William Shakespeare

Henry IV

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Henry IV Summary

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Written in or slightly before 1597, William Shakespeare’s play Henry IV concerns King Henry IV’s struggle to keep control of the English throne, having usurped it from Richard II. The play was later appended by a second part, which is less canonical, concerning the end and aftermath of Henry IV’s reign. Centered on questions of loyalty, treachery, the precarity of power, the failures of the royalist system, and the fate of the individual, Henry IV is one of the most famous works of English literature.

Henry IV begins as the eponymous king learns that Mortimer, one of his top-ranked commanders, has conceded a battle to the Welsh leader Glyndwr. This bad news is tempered somewhat by a simultaneous victory in commander Hotspur’s battle against Douglas in Scotland, but Henry is furious to learn that the commander refuses to send back the people who have been taken as prisoners, since they are a major source of ransom income. Henry demands Hotspur send the prisoners, threatening to punish him. Hotspur replies by telling his father, Northumberland, that he will never submit them. Worcester counsels Hotspur that it is a smarter idea to give over the prisoners but also to form a covert alliance with Douglas and Glyndwr to create an army that can usurp Henry IV.

Next, the play introduces Prince Harry, Hal for short, the prodigal son of Henry who is also an incorrigible thief. Hal squanders his time in bars with the English proletariat, especially Falstaff, an overweight nobleman. In Act I, Hal is party to a robbery just to feel what it’s like to rob someone. At the scene’s end, he delivers a soliloquy, expressing that he is only living this life temporarily, fully intending to be King someday.

Shepherded by Falstaff, the thieves commit their robbery. Hal and a robber named Poins trick the thieves by stealing the money from Falstaff himself. The following night at the bar, Falstaff retells a humorous story in which he fought with a number of men before being overwhelmed and robbed. Hal reveals that he and the robbers were the ones whom Falstaff fought. Falstaff responds by claiming that he had always known who robbed him but did not wish to hurt Hal because he is the Prince of Wales.

Hotspur’s rebels unite Glyndwr and Douglas, thereby forming an alliance with the kingdoms of Wales and Scotland. Joining with the Archbishop of York, they build an army at Shrewsbury. Hotspur spars with Glyndwr because he applies rules of mysticism to the reality of life. They also argue about how they will divide the spoils of war, particularly the land. Hotspur desires England, while Douglas and Glyndwr want Scotland and Wales, respectively.

King Henry summons Hal to his throne room and begs him to improve his behavior. Hal obliquely agrees. Henry tells Hal that the rebels are in Shrewsbury, giving Hal a military position to prepare for war against Hotspur. Hal humorously gives Falstaff a military post even though he is too fat for combat. Once mobilized at Shrewsbury, Henry offers to pardon the rebels if they dissolve their army. His agent, Worcester, doesn’t think Henry is being honest, and secretly ignores his command to deliver the message. Hotspur feels there is no choice but to fight. Glyndwr is late to the army, so its size is diminished. Northumberland becomes sick, unable to galvanize his troops. Hotspur proceeds with the battle anyway.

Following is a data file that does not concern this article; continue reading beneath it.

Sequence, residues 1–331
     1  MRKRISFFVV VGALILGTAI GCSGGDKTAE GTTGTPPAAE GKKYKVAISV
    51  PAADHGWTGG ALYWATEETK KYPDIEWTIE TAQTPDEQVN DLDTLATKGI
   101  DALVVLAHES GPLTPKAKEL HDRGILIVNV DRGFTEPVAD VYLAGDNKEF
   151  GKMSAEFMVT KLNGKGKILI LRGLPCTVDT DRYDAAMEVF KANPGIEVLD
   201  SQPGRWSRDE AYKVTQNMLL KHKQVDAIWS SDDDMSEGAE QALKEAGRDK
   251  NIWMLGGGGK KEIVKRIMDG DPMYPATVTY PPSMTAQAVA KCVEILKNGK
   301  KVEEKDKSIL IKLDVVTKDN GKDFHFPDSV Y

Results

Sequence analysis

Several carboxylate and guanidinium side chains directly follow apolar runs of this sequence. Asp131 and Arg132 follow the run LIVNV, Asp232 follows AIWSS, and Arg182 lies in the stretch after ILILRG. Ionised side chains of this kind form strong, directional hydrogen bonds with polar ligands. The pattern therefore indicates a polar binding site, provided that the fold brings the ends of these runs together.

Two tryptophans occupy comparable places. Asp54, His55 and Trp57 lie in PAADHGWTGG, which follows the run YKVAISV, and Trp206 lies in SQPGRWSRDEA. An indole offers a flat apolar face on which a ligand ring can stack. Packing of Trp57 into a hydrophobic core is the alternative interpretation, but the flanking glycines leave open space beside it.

To protect himself, Henry dresses other soldiers to look like him. Douglas kills a number of them before finding Henry. They begin fighting, but Hal appears and saves Henry, chasing Douglas away. Henry tells Hal that he regrets ever doubting him. Hal finds Hotspur. They verbally spar and then begin physical combat. Falstaff appears and cheers Hal on. Hal kills Hotspur; Douglas appears and fights Falstaff, who falls down, seeming to have died. Hal remarks that he is happy to have killed Hotspur but sad that Falstaff has died. Once Hal leaves, Falstaff reanimates and stabs Hotspur’s corpse, taking credit for the kill. Hal is irritated at Falstaff but puts the issue aside.

After the rest of the leaders are either captured or killed, Henry is victorious. He gives Worcester and Vernon death sentences for ignoring his command to deliver his pardon offer to Hotspur. Hal pardons Douglas and gives him back his freedom, knowing that it will help him gain control of Scotland in the future. Henry divides his remaining army into two, one intended to besiege York, the other Glyndwr.

After a host of miscommunications, verbal spars, and treacheries, Henry emerges as a virtuous figure rightly rewarded with victory in the battle. Centering his story on the trope of English supremacy, Shakespeare casts the events of Henry IV as somewhat deterministic, in the sense that an individual’s outcomes are contingent on his moral behavior even when other agents intentionally or unintentionally distort his intentions or message.